Motown meets Minneapolis

Legendary group Martha and the Vandellas plays at the Dakota this weekend.

by Danylo Loutchko

In the 1960s, when record producer Berry Gordy Jr. founded the Motown record label, he envisioned it as a source of music that would be “the fountain of youth, the fountain of young America.”
More than 50 years later, the grooves and sounds of Marvin Gaye, the Supremes, the Temptations and Martha and the Vandellas still sound as fresh as they did half a century ago.
Today, to hear and see Martha Reeves sing is to witness original Motown music. Martha and the Vandellas makes their third appearance at the Dakota Jazz Club this Friday and Saturday
“Singers don’t retire,” Reeves said. “I’m singing as long as I’m asked to. People request us to come to different places, and I’m loving it.”
Despite being 74 years old, Reeves’ passion for Motown music is palpable and unwavering. 
Reeves said she and her band just wrapped up a European tour in Paris a couple of days after the Nov. 13 terrorist attacks.
“[We] brought music in to lighten hearts. I felt good being there with the people and cheering our spirits up with the wonderful magic of the Motown music,” she said.
Even 54 years after they were first signed to Motown, the ever-busy group still entertains small clubs like the Dakota, as well as several-thousand-seat venues. 
“I can sing Motown music and feel as young as I did when I first recorded it,” Reeves said. “That’s magic. [When] we sing songs that [people] remember, they tear up or get overjoyed because they remember when they were young and heard the music.”
Reeves first knew she wanted to be a singer when she saw Lena Horne sing “Stormy Weather” live.
“You have to watch what you pray for,” Reeves said. “I prayed to be a singer and, lo and behold, I am. [I’m] happy to wake up every day knowing … that people, after all these years, will invite me to come to their establishments and gather the music lovers — especially Motown fans — and witness our music that we recorded so many years ago.”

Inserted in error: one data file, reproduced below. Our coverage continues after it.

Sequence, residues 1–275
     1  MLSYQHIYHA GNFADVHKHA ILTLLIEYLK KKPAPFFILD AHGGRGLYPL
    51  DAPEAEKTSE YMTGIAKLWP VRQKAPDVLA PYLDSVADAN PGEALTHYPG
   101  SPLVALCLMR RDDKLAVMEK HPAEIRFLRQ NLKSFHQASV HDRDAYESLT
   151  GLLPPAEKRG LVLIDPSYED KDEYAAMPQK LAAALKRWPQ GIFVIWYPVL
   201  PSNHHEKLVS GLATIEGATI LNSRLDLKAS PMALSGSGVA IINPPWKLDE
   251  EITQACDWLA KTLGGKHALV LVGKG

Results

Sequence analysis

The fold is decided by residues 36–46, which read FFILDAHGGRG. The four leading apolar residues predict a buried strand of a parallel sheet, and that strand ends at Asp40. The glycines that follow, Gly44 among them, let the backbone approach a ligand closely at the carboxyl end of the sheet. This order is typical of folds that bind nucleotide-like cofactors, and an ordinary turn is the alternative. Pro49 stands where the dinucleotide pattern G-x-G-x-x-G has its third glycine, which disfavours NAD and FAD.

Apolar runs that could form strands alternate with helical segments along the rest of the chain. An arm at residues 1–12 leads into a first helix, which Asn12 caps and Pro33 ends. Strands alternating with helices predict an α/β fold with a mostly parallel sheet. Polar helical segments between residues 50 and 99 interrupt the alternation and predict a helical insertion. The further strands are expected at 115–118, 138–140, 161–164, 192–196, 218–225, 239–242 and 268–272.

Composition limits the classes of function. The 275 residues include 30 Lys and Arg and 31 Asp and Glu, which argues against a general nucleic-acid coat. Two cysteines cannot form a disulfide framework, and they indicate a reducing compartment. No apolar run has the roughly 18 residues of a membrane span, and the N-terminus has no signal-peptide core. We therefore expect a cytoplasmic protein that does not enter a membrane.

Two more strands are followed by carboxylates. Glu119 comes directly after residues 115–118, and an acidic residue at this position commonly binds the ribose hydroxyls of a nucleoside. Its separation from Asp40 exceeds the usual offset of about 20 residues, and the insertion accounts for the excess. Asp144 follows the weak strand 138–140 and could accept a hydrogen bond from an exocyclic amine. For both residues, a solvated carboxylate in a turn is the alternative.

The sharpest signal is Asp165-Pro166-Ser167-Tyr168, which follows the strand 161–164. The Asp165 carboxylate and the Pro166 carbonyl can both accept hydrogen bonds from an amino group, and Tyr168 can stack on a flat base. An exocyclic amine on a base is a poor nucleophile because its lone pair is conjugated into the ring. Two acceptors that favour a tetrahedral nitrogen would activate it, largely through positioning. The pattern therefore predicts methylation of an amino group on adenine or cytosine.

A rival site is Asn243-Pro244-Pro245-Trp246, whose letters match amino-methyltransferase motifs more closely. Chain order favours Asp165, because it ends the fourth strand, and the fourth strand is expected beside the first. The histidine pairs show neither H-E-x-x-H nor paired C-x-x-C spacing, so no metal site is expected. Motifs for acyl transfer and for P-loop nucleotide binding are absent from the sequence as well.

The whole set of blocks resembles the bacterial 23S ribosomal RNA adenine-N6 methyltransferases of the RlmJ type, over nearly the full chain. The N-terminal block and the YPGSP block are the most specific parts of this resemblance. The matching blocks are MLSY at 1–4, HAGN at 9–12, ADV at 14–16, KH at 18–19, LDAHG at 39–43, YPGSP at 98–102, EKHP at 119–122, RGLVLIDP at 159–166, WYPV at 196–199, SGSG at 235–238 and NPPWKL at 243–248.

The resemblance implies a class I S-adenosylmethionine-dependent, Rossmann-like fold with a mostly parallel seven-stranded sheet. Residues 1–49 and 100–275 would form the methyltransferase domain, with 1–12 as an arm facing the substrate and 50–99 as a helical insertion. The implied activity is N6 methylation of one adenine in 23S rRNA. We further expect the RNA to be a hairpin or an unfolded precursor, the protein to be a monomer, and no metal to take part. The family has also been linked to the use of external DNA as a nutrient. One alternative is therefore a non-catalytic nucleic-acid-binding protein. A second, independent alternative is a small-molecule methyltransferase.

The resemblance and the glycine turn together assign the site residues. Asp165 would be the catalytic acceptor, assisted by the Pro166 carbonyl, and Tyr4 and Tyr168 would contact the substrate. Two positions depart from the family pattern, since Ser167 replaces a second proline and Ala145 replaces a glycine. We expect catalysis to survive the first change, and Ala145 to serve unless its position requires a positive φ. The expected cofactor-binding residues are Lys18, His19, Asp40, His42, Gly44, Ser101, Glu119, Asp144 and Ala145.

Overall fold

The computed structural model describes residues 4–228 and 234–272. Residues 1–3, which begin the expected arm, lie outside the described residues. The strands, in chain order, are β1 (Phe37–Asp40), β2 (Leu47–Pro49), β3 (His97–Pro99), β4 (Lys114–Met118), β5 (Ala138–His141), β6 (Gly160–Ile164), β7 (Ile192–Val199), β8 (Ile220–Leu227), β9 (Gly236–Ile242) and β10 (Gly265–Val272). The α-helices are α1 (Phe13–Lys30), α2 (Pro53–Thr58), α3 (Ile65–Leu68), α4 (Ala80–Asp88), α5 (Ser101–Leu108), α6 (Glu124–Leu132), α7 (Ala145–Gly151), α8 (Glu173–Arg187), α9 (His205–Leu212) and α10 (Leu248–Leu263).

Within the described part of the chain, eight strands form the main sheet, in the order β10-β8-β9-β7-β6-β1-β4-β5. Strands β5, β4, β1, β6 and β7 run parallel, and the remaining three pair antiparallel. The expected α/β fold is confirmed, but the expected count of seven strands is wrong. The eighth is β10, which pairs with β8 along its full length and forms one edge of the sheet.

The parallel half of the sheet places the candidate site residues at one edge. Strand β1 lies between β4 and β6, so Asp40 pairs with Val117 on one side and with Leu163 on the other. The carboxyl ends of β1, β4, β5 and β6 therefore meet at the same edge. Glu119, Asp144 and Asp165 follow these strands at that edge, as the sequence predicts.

Before she was ever a singer, Reeves first landed a job at the Detroit-based Motown Records as a secretary. She had a chance to record a demo track at “Hitsville, U.S.A.,” and it eventually made its way to Gordy’s ears.
Gordy placed Reeves as a backup singer for, in Reeves’ words, “this new guy at the company named Marvin Gaye.” The album included Gaye’s breakthrough hit single, “Stubborn Kind of Fellow.” 
Shortly after, Reeves joined the Motown family in her own right through the creation of Martha and the Vandellas. During Motown’s ’60s-era golden age, the Vandellas had many top hits, like “Dancing in the Street” and “Heatwave.” 
Today, Reeves still performs those songs, but she has also expressed her love of Motown through her time as a member of the Detroit City Council for four years. 
“As a Motown ambassador, I wanted to see what I could do to try encouraging the city to keep the arts in the schools,” Reeves said. “A lot of our schools have had those taken out, and I think it’s a loss because I’m a product of public schools and public school teachers.”
After her brief stint in politics, however, Reeves is back on the road.
“Show business is where my heart really lies,” she said.
Martha and the Vandellas
Where The Dakota Jazz Club, 1010 Nicollet Mall, Minneapolis
When 7 and 9 p.m. Friday
Cost $30–60